Falk Lonser, 28, from Germany, was the anonymous bone marrow donor who saved Colin’s life when he was battling leukaemia. Afterwards the two found each other and have become firm friends. Colin, 42, who lives in Glasgow with wife Hayley, said: “I feel privileged to have met Falk and its incredible we now have the friendship together. “I’ve been saved by him and I’ve gained a great friend.
“To run the Berlin marathon with him will be an honour.
“We’re intending to cross the finishing line hand in hand.”
Truck driver Colin fell ill in September 2014 while out running. He said: “I came back from my run and didn’t feel well. I started a new job the following morning and during the day I developed a pain in my chest that got worse as the day went on. I was worried I was having a heart attack so I called the NHS.”
After a week of tests doctors broke the devastating news that Colin had leukaemia.
“It was such a shock. I’d always led such a healthy life and now I was being told that I had cancer. I was speechless.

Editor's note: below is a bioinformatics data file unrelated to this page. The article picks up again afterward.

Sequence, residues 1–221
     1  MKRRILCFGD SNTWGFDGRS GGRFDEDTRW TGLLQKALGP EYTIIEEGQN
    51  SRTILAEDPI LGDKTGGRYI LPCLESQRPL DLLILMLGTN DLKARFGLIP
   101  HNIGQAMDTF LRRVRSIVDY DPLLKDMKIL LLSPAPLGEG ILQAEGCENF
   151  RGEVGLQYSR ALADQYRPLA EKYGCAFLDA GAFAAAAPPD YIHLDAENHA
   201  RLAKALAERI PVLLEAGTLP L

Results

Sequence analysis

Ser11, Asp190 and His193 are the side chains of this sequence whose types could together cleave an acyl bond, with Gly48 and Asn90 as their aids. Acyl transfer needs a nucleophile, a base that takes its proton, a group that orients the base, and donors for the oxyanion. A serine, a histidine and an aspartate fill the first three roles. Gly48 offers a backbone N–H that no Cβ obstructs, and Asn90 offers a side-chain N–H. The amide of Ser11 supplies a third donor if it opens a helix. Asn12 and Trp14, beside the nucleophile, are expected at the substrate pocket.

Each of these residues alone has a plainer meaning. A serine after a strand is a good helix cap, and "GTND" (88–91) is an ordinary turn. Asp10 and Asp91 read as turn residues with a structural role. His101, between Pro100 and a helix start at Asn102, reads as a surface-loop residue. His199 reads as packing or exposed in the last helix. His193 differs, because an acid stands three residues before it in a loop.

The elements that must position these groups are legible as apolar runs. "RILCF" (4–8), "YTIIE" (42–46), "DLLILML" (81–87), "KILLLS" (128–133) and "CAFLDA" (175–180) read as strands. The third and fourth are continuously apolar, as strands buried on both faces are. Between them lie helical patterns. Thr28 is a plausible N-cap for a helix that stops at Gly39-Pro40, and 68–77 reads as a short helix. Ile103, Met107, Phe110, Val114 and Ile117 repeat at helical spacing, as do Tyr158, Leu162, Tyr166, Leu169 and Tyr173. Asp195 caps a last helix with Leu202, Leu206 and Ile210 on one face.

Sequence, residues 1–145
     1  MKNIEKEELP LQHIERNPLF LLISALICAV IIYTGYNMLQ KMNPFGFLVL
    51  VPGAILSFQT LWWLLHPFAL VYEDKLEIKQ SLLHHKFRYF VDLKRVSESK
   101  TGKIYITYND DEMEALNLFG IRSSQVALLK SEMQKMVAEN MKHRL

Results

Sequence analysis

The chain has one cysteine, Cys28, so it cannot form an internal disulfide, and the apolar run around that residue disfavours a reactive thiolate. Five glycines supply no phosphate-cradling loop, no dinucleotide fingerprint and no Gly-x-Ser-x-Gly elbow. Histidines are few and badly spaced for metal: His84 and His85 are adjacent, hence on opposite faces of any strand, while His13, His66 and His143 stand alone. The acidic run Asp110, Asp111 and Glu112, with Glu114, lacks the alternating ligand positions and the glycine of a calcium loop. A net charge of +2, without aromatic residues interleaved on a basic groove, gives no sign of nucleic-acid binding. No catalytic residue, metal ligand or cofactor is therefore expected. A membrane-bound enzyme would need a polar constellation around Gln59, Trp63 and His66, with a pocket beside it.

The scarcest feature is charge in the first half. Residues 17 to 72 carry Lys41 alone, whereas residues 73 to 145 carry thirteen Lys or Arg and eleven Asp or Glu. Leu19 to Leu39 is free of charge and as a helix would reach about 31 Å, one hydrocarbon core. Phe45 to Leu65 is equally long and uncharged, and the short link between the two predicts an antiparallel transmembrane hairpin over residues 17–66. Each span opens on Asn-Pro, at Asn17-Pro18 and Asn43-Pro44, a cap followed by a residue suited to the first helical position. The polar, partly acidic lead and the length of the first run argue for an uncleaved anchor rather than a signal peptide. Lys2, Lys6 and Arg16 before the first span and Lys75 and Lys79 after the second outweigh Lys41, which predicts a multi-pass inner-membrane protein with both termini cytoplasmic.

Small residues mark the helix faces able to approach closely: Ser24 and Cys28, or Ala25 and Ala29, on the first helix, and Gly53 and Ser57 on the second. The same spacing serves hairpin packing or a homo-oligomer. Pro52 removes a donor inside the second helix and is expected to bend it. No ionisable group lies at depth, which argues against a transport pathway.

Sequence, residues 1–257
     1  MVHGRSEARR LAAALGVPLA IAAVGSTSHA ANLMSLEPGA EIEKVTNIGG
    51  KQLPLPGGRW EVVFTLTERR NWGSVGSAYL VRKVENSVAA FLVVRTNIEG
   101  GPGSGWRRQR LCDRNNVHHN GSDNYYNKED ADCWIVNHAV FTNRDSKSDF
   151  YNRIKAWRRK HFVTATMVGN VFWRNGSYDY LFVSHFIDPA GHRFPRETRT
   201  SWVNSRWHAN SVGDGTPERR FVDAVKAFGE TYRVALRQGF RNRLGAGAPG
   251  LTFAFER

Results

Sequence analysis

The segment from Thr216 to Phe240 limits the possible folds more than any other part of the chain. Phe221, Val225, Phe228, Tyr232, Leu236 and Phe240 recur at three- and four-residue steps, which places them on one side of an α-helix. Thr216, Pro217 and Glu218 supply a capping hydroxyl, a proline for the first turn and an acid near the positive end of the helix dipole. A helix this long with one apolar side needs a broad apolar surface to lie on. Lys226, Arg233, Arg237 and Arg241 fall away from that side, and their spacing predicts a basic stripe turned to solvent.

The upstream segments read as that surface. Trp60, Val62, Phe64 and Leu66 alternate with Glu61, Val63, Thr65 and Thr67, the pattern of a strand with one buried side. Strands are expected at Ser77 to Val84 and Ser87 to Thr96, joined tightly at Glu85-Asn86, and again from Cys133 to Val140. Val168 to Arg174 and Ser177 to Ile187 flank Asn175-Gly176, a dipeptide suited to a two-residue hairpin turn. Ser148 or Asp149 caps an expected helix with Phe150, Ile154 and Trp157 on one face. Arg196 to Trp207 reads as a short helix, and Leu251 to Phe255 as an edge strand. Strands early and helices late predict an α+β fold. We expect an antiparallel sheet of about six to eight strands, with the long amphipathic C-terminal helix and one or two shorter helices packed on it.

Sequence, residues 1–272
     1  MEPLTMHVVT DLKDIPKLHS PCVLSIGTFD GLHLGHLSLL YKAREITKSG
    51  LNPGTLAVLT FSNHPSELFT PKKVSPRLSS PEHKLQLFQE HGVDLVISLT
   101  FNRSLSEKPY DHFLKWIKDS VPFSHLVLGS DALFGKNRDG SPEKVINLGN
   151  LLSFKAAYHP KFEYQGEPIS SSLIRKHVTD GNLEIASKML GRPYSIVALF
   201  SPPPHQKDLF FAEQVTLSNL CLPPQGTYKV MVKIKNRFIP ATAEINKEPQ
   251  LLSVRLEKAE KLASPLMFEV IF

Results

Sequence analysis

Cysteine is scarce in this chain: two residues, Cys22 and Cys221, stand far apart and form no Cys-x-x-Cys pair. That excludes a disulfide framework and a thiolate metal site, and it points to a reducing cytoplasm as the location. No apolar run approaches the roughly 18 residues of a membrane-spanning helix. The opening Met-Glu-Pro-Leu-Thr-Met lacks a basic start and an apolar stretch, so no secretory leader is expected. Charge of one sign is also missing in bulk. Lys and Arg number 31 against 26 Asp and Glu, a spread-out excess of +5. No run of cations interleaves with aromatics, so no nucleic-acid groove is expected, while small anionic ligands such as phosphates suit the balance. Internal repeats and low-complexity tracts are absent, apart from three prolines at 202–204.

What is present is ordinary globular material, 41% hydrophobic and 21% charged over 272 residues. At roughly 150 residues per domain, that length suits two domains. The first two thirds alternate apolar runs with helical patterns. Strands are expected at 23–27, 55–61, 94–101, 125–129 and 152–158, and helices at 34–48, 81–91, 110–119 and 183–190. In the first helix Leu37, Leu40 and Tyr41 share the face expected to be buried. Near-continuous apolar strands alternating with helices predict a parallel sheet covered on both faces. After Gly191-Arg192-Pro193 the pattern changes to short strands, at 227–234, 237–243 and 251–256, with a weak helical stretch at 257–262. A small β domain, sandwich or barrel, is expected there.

“ The first thing I could think of was I wasn’t going to live.”
He was transferred to the Southern General Hospital and began chemotherapy five days later. After five months of treatment – losing five stone in weight – he was told the cancer had gone into remission.
He said: “When the doctor told me it had gone I was elated. I thought I’d beaten it and could get on with my life.”
But in October that year he discovered a lump in his groin, again when he was out running. Tests showed the cancer had come back.
This time his only chance was a bone marrow transplant, as well as five more months of intensive chemotherapy.
Doctors scoured the global stem cell donor register and in January 2016 Colin got the news he had been waiting for – a donor had been found in Germany. The transplant was a success and Colin dreamed of thanking the stranger who had saved his life.
He said: “I wanted to thank him – he gave me my life back.